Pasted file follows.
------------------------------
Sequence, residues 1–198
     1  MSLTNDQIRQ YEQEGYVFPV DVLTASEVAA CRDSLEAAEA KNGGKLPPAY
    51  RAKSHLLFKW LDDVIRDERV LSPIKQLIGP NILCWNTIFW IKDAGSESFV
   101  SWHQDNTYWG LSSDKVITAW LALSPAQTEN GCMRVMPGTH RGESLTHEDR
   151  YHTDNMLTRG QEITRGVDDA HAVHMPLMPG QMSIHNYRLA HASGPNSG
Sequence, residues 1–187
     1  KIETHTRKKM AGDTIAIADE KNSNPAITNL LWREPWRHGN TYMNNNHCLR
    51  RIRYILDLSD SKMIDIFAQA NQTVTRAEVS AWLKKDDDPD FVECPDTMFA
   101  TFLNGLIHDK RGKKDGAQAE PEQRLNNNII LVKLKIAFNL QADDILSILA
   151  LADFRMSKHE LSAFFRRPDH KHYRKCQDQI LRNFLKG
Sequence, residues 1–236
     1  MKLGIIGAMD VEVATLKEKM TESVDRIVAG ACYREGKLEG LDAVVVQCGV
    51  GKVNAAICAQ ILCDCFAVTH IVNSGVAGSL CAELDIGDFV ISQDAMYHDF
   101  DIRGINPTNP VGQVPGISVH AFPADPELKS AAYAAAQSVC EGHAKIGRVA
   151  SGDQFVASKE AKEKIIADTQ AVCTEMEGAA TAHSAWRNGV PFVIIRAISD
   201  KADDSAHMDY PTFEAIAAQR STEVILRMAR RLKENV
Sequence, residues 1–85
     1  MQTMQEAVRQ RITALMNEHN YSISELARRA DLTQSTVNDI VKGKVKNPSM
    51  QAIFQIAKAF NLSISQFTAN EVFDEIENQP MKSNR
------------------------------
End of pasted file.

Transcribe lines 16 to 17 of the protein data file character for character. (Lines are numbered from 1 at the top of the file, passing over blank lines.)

   201  KADDSAHMDY PTFEAIAAQR STEVILRMAR RLKENV
Sequence, residues 1–85